News: Dartmouth Reinstates SAT/ACT Requirement

News: Dartmouth Reinstates SAT/ACT Requirement

News: Dartmouth Reinstates SAT/ACT Requirement

February 14, 2024: Last week, Dartmouth University reinstated their SAT requirement for college admissions.

During the Covid-19 pandemic, Dartmouth, like many colleges and universities, decided to go “test-optional”. This meant students did not have to submit SAT or ACT scores as part of their admissions package.

The decision has been met with mixed emotions. Some believe that reinstating the SAT requirement is good, while others think it is a poor choice on part of Dartmouth’s admissions counsel.

But why did Dartmouth reinstate this requirement?

Why did Dartmouth go “test-optional” in the first place?

In the early days of the Covid-19 shutdown, many students only had access to asynchronous learning experiences, making it difficult for them to get the academic and exam prep necessary to do well on standardized tests. Not only that, but students could not congregate in large groups to take the exams. This meant that the platforms that host the SAT and ACT needed to pivot to a new type of test administration.

Going “test-optional” also gave schools, like Dartmouth, the opportunity to see what would happen to their applicant pool if students were no longer required to submit standardized test scores. For years, many people have argued that the SAT and ACT favor wealthier students, who have access to better schools and better test prep opportunities.

What did schools, like Dartmouth, learn after going “test-optional”?

“Test-optional” made it hard to find the best students in larger applicant pools.

With schools and universities going “test-optional”, many students applied to schools with tougher admissions requirements. No longer were they hamstrung by the average test scores of the Ivy Leagues. This means students who identified as “poor test-takers” had an opportunity to apply to places they wouldn’t have applied to if there had been a testing requirement.

The major increase in the applicant pool severely impacted college admissions. The percentage of students accepted decreased substantially while the number of students applying increased tenfold. And for college admissions officers, it was difficult to find the best applicants among students with high GPAs, extracurriculars, and other experiences that make for impressive academic resumes.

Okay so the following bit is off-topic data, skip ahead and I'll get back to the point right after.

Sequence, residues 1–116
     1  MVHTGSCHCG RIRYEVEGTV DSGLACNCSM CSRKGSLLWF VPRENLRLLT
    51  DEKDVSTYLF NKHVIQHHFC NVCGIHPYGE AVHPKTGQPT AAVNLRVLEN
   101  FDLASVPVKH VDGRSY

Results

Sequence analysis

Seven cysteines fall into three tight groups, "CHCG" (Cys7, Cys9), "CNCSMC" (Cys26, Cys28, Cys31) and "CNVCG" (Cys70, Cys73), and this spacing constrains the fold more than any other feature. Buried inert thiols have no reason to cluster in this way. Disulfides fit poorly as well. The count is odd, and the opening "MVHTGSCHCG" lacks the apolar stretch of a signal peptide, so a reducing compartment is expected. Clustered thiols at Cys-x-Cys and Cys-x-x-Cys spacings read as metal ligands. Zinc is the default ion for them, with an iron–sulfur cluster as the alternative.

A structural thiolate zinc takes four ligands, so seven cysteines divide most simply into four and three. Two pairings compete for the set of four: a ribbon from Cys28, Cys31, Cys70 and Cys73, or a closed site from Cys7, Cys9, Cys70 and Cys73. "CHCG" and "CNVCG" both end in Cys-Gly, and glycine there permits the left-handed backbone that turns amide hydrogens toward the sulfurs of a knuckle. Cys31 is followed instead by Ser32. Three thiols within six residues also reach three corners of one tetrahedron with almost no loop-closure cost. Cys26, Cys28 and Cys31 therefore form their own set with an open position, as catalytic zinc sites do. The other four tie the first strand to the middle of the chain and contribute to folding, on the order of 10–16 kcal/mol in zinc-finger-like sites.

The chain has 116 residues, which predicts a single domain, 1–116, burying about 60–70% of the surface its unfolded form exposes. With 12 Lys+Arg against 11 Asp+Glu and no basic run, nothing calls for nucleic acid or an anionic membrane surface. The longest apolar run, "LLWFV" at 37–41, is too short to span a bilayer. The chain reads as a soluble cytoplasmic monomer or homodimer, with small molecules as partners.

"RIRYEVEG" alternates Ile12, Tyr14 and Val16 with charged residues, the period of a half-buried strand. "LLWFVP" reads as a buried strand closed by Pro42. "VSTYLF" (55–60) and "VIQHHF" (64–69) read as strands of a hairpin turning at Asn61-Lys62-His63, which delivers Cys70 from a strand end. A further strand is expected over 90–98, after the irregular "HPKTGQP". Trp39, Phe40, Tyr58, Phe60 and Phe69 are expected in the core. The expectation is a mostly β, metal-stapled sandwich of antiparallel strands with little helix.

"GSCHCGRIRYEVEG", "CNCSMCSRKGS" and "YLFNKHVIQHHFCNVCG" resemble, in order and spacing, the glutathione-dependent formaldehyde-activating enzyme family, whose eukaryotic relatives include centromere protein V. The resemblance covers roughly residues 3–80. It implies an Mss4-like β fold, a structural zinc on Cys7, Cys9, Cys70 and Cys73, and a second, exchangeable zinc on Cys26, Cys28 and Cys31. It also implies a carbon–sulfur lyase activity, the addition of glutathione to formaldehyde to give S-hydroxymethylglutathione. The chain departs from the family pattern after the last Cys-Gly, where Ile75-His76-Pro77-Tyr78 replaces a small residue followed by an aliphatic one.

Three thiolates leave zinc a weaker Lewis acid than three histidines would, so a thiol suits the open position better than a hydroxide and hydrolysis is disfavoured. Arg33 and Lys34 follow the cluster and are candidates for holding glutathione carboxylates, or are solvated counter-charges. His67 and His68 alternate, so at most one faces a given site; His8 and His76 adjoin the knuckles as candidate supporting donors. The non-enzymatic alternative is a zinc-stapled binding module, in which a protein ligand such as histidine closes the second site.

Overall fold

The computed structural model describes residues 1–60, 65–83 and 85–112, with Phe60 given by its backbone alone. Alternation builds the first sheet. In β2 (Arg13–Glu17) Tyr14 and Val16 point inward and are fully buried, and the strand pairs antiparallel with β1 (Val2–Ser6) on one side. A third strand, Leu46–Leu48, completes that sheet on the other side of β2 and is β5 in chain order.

The SAT and ACT actually made it MORE possible to attract a diverse applicant pool.

As we said before, many people have shamed the SAT and ACT for being exclusive tests that favor wealthier students. However, in the four years since schools have gone “test-optional”, Dartmouth found that SAT and ACT scores made it possible for admissions counselors to identify talented students from diverse backgrounds.

Is Dartmouth the only school to go back to requiring SAT or ACT scores?

No, actually, Dartmouth is following in the footsteps of Georgetown University and Massachusetts Institute of Technology, who have also reinstated this requirement.

Currently, Harvard, Yale, and Duke are still “test-optional”.

*Since this blog was written, Yale has reinstated their policy to require test scores as part of the application process.*

When will this reinstatement take place?

Dartmouth will reinstate their standardized test requirement in 2025.

U.S. citizens applying to Dartmouth will be able to submit SAT or ACT scores. Students outside of the U.S. will be required to submit results from an “equivalent standardized national exam,” as outlined by their admissions counsel.

What does this mean for you?

While there are still some colleges and universities who are “test-optional”, it is uncertain as to whether or not they will remain “test-optional” forever.

It’s in your best interest, then, to begin to consider your options.

If you are getting started on your college admissions journey and wish to speak with someone who can guide you through the process, MEK has the answers.

Give us a call at +1 (855) 346-1410 or contact us here. We can help you decide whether the Digital SAT or ACT is right for you, find your current score on either test, and set you up with a test prep plan for success. We look forward to hearing from you!

Robyn Neilsen

Robyn Neilsen is a Content Writer for MEK Review. She was a dedicated English teacher in the New Jersey public school system for 13 years and is passionate about sharing resources, content, and tips for students and parents.


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